CARS: Spec Sheet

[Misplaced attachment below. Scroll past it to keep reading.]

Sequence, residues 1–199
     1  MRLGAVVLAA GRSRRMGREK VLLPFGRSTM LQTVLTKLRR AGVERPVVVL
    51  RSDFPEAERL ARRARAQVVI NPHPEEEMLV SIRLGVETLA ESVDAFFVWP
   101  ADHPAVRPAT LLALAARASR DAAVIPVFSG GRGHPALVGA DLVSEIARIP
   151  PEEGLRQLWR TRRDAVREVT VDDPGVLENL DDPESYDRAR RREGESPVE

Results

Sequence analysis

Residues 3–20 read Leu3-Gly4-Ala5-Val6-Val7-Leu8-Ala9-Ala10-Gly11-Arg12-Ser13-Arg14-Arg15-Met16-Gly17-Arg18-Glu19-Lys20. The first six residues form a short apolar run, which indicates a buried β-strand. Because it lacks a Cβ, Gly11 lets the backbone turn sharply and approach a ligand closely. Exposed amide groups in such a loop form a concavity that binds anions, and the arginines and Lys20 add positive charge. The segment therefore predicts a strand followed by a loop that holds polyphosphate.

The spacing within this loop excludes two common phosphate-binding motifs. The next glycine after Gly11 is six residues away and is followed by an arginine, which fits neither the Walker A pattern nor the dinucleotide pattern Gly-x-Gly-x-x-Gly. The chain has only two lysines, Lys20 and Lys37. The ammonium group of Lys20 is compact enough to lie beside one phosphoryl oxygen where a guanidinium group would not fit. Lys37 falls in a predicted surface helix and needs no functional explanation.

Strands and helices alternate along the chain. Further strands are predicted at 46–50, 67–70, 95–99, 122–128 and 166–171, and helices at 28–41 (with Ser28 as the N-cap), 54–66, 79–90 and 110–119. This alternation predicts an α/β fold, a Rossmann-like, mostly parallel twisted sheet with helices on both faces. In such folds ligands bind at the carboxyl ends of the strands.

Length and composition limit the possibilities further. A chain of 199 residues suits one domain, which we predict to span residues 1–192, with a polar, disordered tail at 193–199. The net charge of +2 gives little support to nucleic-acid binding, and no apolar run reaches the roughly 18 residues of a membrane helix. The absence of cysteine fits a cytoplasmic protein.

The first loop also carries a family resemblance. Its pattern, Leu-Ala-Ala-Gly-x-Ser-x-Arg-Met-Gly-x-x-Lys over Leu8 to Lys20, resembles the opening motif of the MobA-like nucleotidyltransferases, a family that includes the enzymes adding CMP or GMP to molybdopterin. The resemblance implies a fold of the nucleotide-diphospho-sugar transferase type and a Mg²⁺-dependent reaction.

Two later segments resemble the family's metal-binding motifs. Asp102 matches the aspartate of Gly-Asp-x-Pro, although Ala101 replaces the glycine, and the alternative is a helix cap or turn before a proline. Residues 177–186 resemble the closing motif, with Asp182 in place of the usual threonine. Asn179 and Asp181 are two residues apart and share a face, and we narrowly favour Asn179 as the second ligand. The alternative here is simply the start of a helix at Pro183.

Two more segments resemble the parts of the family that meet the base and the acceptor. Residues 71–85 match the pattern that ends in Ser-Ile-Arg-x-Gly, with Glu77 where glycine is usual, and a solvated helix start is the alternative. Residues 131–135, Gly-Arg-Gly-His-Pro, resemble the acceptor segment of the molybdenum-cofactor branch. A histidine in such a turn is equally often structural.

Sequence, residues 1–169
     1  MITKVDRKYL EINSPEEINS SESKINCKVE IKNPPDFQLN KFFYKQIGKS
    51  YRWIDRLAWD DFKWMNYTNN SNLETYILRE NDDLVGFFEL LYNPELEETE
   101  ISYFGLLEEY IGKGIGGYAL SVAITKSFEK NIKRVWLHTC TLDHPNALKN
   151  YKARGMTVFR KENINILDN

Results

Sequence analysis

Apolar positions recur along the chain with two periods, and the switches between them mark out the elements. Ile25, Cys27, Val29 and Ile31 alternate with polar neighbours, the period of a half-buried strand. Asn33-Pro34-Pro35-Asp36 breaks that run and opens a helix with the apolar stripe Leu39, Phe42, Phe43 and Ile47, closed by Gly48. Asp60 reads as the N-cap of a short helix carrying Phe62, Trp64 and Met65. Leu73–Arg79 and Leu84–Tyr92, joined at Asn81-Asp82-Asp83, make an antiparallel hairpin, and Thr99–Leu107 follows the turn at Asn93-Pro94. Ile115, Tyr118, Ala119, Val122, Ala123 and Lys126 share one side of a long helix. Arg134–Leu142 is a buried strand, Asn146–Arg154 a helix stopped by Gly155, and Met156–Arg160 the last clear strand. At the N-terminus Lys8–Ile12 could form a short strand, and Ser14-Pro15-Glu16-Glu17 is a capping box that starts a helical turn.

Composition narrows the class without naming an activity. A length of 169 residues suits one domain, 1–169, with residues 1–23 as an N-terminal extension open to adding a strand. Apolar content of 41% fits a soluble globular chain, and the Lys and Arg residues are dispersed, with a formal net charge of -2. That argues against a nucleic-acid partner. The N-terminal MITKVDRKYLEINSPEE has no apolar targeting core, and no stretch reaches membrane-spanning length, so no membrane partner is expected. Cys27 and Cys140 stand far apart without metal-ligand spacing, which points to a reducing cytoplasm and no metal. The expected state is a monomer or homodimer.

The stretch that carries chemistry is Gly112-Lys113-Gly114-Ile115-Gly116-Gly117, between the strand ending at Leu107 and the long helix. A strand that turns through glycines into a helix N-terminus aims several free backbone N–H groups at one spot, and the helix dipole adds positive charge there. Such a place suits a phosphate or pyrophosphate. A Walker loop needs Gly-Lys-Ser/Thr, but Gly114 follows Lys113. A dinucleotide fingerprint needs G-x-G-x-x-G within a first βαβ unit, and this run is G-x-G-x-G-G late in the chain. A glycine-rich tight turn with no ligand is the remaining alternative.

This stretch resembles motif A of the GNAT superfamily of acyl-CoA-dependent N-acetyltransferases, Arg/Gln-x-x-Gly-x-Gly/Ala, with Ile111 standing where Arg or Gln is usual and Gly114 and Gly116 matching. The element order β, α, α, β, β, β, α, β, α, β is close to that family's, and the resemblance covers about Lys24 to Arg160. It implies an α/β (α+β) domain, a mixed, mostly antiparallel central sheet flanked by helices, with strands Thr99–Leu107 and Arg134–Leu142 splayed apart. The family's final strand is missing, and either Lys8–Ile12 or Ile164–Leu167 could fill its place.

After taking moviegoers magically into the realm of toys, bugs, monsters, fish, and superheroes, the masterful storytellers and technical wizards at Pixar Animation Studios (“The Incredibles,” “Finding Nemo,” “Monsters, Inc.”), and Academy Award-winning director John Lasseter (“Toy Story,” “Toy Story 2,” “A Bug’s Life”), hit the road with a fast-paced comedy adventure set inside the world of cars. A Pixar Animation Studios film presented by Walt Disney Pictures, “Cars” is a high octane delight for moviegoers of all ages, fueled with plenty of humor, action, heartfelt drama, and amazing new technical feats. Adding to the fun is a driving score and new song by Oscar®-winner Randy Newman, along with original musical performances by such top talents as Sheryl Crow, James Taylor, Brad Paisley, Rascal Flatts, and John Mayer. Lightning McQueen (voice of OWEN WILSON), a hotshot rookie race car driven to succeed, discovers that life is about the journey, not the finish line, when he finds himself unexpectedly detoured in the sleepy Route 66 town of Radiator Springs. On route across the country to the big Piston Cup Championship in California to compete against two seasoned pros, McQueen gets to know the town’s offbeat characters -including Sally (a snazzy 2002 Porsche voiced by BONNIE HUNT), Doc Hudson (a 1951 Hudson Hornet with a mysterious past, voiced by PAUL NEWMAN), and Mater (a rusty but trusty tow truck voiced by LARRY THE CABLE GUY) – who help him realize that there are more important things than trophies, fame and sponsorship. The all-star vocal cast also includes free-wheeling performances by Tony Shalhoub, Michael Keaton, Cheech Marin, George Carlin, Katherine Helmond, and perennial Pixar “good luck charm,” John Ratzenberger. Michael Wallis, author of the critically acclaimed book, Route 66: The Mother Road, and the authority on that famous road, is heard in the film as the voice of the Sheriff of Radiator Springs. Delivering more fun and authenticity to the vocal cast for “Cars” are performances by some of the all-time greatest names from the world of racing, including the legendary Richard Petty, plus “drive-on” roles by Mario Andretti, Dale Earnhardt, Jr., Darrell Waltrip, and Michael Shumacher, the ace German Formula 1 champ who is widely considered to be today’s best Grand Prix racing driver. “Cars” was co-directed by Joe Ranft, who also served as head of story for the film and voiced several incidental characters. One of the most gifted and respected story artists in modern day animation, and the congenial voice behind such favorite Pixar characters as Heimlich the caterpillar (“A Bug’s Life”), Wheezy the penguin (“Toy Story 2”), and Jacques the shrimp (“Finding Nemo”), Ranft passed away in August, 2005. He had collaborated with Lasseter on all three of his previous feature directing efforts, and had been a key creative force at Pixar for over a decade. Serving as the film’s producer was Darla K. Anderson, a Pixar veteran whose previous producing credits include “A Bug’s Life” and “Monsters, Inc.” Combining her technical expertise with her tremendous respect and knowledge of the creative process, Anderson guided all aspects of the production and helped support Lasseter’s vision from the start. The film’s associate producer was Tom Porter, a technical pioneer in the world of computer animation who has been part of the Pixar inner circle since its inception. TUNING UP THE STORY “Cars” was a very personal story for John Lasseter. As a boy growing up in Los Angeles, he loved to visit the Chevrolet dealer where his father was a parts department manager, and got a part-time job there as a stock boy as soon as he turned 16. According to Lasseter: “I have always loved cars. In one vein, I have Disney blood, and in the other, there’s motor oil. The notion of combining these two great passions in my life – cars and animation – was irresistible. When Joe (Ranft) and I first started talking about this film in 1998, we knew we wanted to do something with cars as characters. Around that same time, we watched a documentary called ‘Divided Highways,’ which dealt with the interstate highway and how it affected the small towns along the way. We were so moved by it and began thinking about what it must have been like in these small towns that got bypassed. That’s when we started really researching Route 66.” During the summer of 2000, Lasseter’s wife, Nancy, persuaded him to take a much-needed vacation. The entire family packed up a motor home, and set out on a two-month trip with the goal of staying off the interstate highways, and dipping their toes in the Pacific and Atlantic Oceans. Lasseter observed: “When I came back from the trip, I had reunited with my family and we were closer than ever. And I suddenly realized that I knew what the film needed to be about. I discovered that the journey in life is the reward. It’s great to achieve things, but when you do you want to have your family and friends around to help celebrate. Joe loved the idea and our story really took off from there. Our lead car, Lightning McQueen, is focused on being the fastest. He doesn’t care about anything except winning the championship. He was the perfect character to be forced to slow down, the way I had on my motor home trip. For the first time in my professional career I had slowed down, and it was amazing. The unique thing about Pixar films is that the stories come from our hearts. They come from things that are personal to us, and that move us. This gives special emotion and meaning to the films.” In 2001, Lasseter, Ranft, producer Darla Anderson, production designers Bob Pauley and Bill Cone, along with other key members of the production team flew to Oklahoma City and headed out from there in a caravan of four white cadillacs on a nine-day trip along Route 66. Historian/author Michael Wallis led the expedition, and introduced them to the people and places that make that road so very special. At each stop along the way, the team observed firsthand the “patina” of the towns, and tried to capture the richness of textures and colors. Painted advertisements on the sides of buildings, weathered and overlaid, were of particular interest. Careful studies were made of rock and cloud formations, and the variety of vegetation along the way. THE CAR STARS/VOICE TALENTS: LIGHTNING MCQUEEN – Poised to become the youngest car ever to win the Piston Cup Championship, this hotshot rookie racecar has just two things on his mind – winning and the perks that come with it. But when he gets detoured in the forgotten town of Radiator Springs and has to shift for himself, he gets a crash course on what matters most in life. Owen Wilson (“Bottle Rocket,” “Shanghai Noon,” “Meet the Fockers,” “Wedding Crashers”) is up to speed as the voice of this cocky racecar with a carburetor of gold. DOC HUDSON A seemingly quiet country doctor (mechanic) with a mysterious past, this 1951 Hudson Hornet is a cornerstone of Radiator Springs, and also serves as town judge. Respected and admired by the townsfolk, Doc is a car of few words, and is unimpressed by the town’s newest arrival – Lightning McQueen. The speed-obsessed hotshot racecar dismisses Doc as just an old Grandpa car, but comes to discover that the old timer still has a few tricks under his hood. Acting legend, Oscar®-winner, and Guinness Book World Record Holder (the oldest driver to win a professionally sanctioned race in 1995 in Daytona) Paul Newman gives a winning performance as the voice of this charismatic car. SALLY This sporty 2002 Porsche 911 from California grew tired of life in the fast lane, and made a new start for herself in Radiator Springs. As the proprietor of the Cozy Cone Motel, and one of the town’s most optimistic boosters, she has high hopes that it will one day return to its former glory, and wind up “back on the map.” She takes an instant shine to Lightning McQueen, and helps to steer him in the right direction. Multi-talented actress/filmmaker Bonnie Hunt (“A Bug’s Life,” “Cheaper By the Dozen”) gives a premium performance as Sally, with just the right blend of charm, intelligence and wit. MATER This good ol’ boy tow truck with a big heart may a bit rusty on the outside, but he has the quickest towrope in Carburetor County and is always the first to lend a helping hand. Sweet and loyal to a fault, Mater befriends McQueen and sees his potential as his new best friend, despite his many flaws. The self-proclaimed “world’s best backwards driver,” Mater gets his kicks “tractor tipping” when he’s not running “Tow-Mater Towing and Salvage.” Comedy sensation Larry the Cable Guy gives a “tow-de-force” vocal performance that is both hilariously funny and touching. FILLMORE – Radiator Springs’ resident hippie is a 1960 VW bus who brews his own organic fuel and preaches its many benefits. Visitors can check it out for themselves in the tasting room behind his love-bead and tie dye covered geodesic dome. His conspiracy theories and unkempt yard don’t sit well with his neighbor, Sarge, but despite their frequent disagreements, they can’t live without one another. Comedy legend George Carlin gives a far-out performance as the voice of this peace-loving bus. SARGE – This patriotic 1942 WWII Willy’s Army jeep runs Radiator Springs’ army surplus store, Sarge’s Surplus Hut, and is often found manicuring the lawn in front of his Quonsot hut into a precise flat-top. Although he likes to complain about his VW bus neighbor, he knows that life is more interesting with Fillmore around. Actor Paul Dooley (“Breaking Away,” “Desperate Housewives”) sounds off as this regimented vehicle whose bark is worse than his bite. RAMONE – The proprietor of Ramone’s House of Body Art, this 1959 Impala low-rider is a true magician with paint and metal, but he hasn’t had anyone to paint in years. While waiting for a paying customer to come along, he re-paints himself daily and hopes that McQueen will consent to letting him add a few new flourishes. Comedian/actor Cheech Marin turns in a colorful performance as the voice of this feisty fellow. FLO – Married to Ramone, and the owner of Flo’s V-8 Caf?©, is this sassy, no-nonsense 1950s show car. Offering the “finest fuel in fifty states,” Flo’s is a popular gathering spot for the locals to sip some oil, share some gossip, and listen to a little motherly advice from Flo herself. It was love at first sight for Flo and Ramone, ever since they met when she was traveling across country as a glamorous Motorama girl. Jenifer Lewis goes with the “flo” as the voice of this spirited character. LUIGI – Big-hearted, gregarious, and excitable, this 1959 Fiat 500 runs the local tire shop, Luigi’s Casa Della Tires, which is the “Home of the Leaning Tower of Tires.” With his forklift pal, Guido, by his side, Luigi is an avid racecar fan (with a bias towards Ferrari’s) who is always eager to please. Business hasn’t been good in years, so you can always count on a bargain on a new set of wheels from this merry merchant. Tony Shalhoub (“Big Night,” “Monk”) puts the accent on comedy in this tireless performance. SHERIFF – Route 66 expert/author Michael Wallis provides the voice of this 1949 Mercury Police Cruiser, sworn with upholding the peace in Radiator Springs. Always on the prowl for would-be speeders who might want to barrel through his town, Sheriff enjoys telling stories about his beloved Mother Road, and taking the occasional nap behind the town’s billboard. THE KING (aka STRIP WEATHERS) – This 1970 Plymouth Superbird is a racing legend who has won more Piston Cups races than any other car in history. Despite his fame, he’s a down home guy, who knows it takes more than trophies to make a true champion. He believes in hard work, team playing, and making time for his wife, the Queen. Set to retire at the end of the season and relinquish his coveted Dinoco sponsorship, the King is the envy of all the up-and-coming racers. Racing legend Richard Petty, a seven-time NASCAR winner, lends his voice to this classy champ. His wife, Linda, provides a cameo voice as the Queen. CHICK HICKS – This racing veteran is a ruthless competitor, who has bumped and cheated his way into more second place finishes than any other car. Forever living in the King’s shadow, he’s the consummate runner-up and will stop at nothing to win the Dinoco sponsorship. Convinced that “the Chick era” is about to begin, he isn’t about to let Lightning McQueen get between him and his dream of winning the Piston Cup. Versatile actor Michael Keaton (“Mr. Mom,” “Batman,” “Herbie: Fully Loaded”) gets down and dirty as the voice of this hard-driving road warrior. MACK – No Pixar film is complete without a vocal performance by John Ratzenberger, and in “Cars,” the popular actor weighs in as the voice of a 1985 Mack Super-Liner who has a thorough knowledge of Federal regulations. As McQueen’s trusted driver, he is willing to push the limits of his own sanity and sleep requirements to accomodate his celebrity employee. McQueen’s luxurious bachelor pad is fully loaded with the best in fiber optics, TVs, a massage chair, and more. DESIGNING AND ANIMATING THE LATEST MODELS Lasseter’s mandate to have the car characters look as real as possible posed some daunting new challenges for Pixar’s technical team. Having a film where the characters are metallic and heavily contoured meant coming up with resourceful ways to accurately show reflections. “Cars” is the first Pixar film to use “ray tracing,” a technique which allows the car stars to credibly reflect their environments. The addition of reflections in practically every shot of the film added tremendous render time to the project. The average time to render a single frame of film for “Cars” was 17 hours. Even with a sophisticated network of 3000 computers, and state-of-the-art lightning fast processors that operate up to four times faster than they did on “The Incredibles, it still took many days to render a single second of finished film. Lasseter also insisted on “truth to materials,” and instructed the animation team not to stretch or squash the cars in a way that would be inconsistent with their heavy metal frames. The animators did a lot of “road testing” to get the characters to behave in a believable and entertaining way, and found ways to add subtle bends and gestures that were true to their construction. The animators also discovered how to use the tires almost as hands to help them with their performance. THE MUSIC John Lasseter got a friend and a longtime collaborator in Randy Newman when he began working with the acclaimed composer/songwriter back on the original “Toy Story.” The two have been making beautiful music ever since with their subsequent collaborations on “A Bug’s Life” and “Toy Story 2.” Newman received Oscar® nominations for his scores for “Toy Story” and “A Bug’s Life,” plus nominations for the songs, “You’ve Got a Friend in Me” (“Toy Story”) and “When She Loved Me” (from “Toy Story 2,” sung in the film by Sarah McLachlan). For the film’s soundtrack, Lasseter also sought contributions from a variety of today’s top recording artists to create the world’s best road-trip CD. “Every Randy Newman score is unlike the one before it,” observes Lasseter. “He can write the most heartfelt emotional songs, and he can write some of most humorous songs you’ve ever heard. He’s incredibly funny and smart. Randy’s score for ‘Cars’ reflects the two distinct worlds – the modern world where it’s all about being fast; and Radiator Springs, where the one commodity they have is time. Everything is slower there, and Randy uses a combination of bluegrass, jazz, and pure Americana to capture that. The racing world has a heavy dose of rock ‘n’ roll. His score for this film is one of the absolute best he’s ever done.” Among the four new songs written for the film is a Randy Newman composition called “Our Town.” Sung by Grammy® winning recording legend James Taylor, the lyrics powerfully tell the tale of a once thriving town that no one seems to need anymore and of a place where ‘Main Street isn’t Main Street anymore.’ Grammy® Award-winning superstar Sheryl Crow captures the excitement of the film’s opening race with “Real Gone,” a new song that she wrote with producer John Shanks. Lyrically and emotionally, it reflects the thrill of the competition and the crowd’s anticipation. Country music favorite Brad Paisley contributes two songs to the film — “Find Yourself” and “Behind the Clouds.” The latter was co-written with his long-time producer and collaborator, Frank Rogers (who also produced both tracks). In addition to the new songs, there are original recordings of two favorites. Popular country recording group Rascal Flatts provides a new version of the Tom Cochran song, “Life is a Highway.” Multiple Grammy® Award-winning singer/guitarist John Mayer offers some new kicks with his lively and distinctive rendition of the classic 1946 Bobby Troup standard, “Route 66.” The film’s impressive soundtrack also includes recordings by Hank Williams, Chuck Berry (“Route 66”), and The Chords (“Sh-Boom”). THE FILMMAKERS: JOHN LASSETER (Director/Writer) marks his fourth feature film directing credit with “Cars,” having previously helmed such landmark computer-animated Pixar films as “Toy Story” (1995), “A Bug’s Life” (1998), and “Toy Story 2” (1999). He is a two-time Academy Award® winner, and a founding member of Pixar Animation Studios, where he continues to serve as executive vice president, creative. Additionally, he executive produced “Monsters, Inc.,” “Finding Nemo,” and “The Incredibles.” Under his supervision, Pixar’s animated feature and short films have received a multitude of critical accolades and film industry honors. Lasseter received a Special Achievement Oscar® in 1995 for his inspired leadership of the “Toy Story” team. His work on “Toy Story” also resulted in an Academy Award®-nomination for “Best Original Screenplay,” the first time an animated feature had been recognized in that category. Among his most recent achievements, Lasseter was honored in 2004 by the Art Directors Guild with its prestigious “Outstanding Contribution to Cinematic Imagery” award, and received an honorary degree from the American Film Institute that same year. In February, 2006, he received special recognition from the Visual Effects Society, when he received the coveted Georges Melies Award for Pioneering and Artistic Excellence. DARLA K. ANDERSON (Producer) made her feature film producing debut on the 1998 Pixar blockbuster “A Bug’s Life” and went on to produce Pixar’s 2001 monster hit, “Monsters, Inc.” as well. She began her association with Pixar in 1992, when she came on board as executive producer for the commercial and short film divisions. Prior to that, she served a three-year stint with Angel Studios in Carlsbad, California, where she executive produced commercials and was first introduced to computer and 3-D animation. A graduate of San Diego State with a degree in environmental design, Anderson began her career as a producer in Southern California.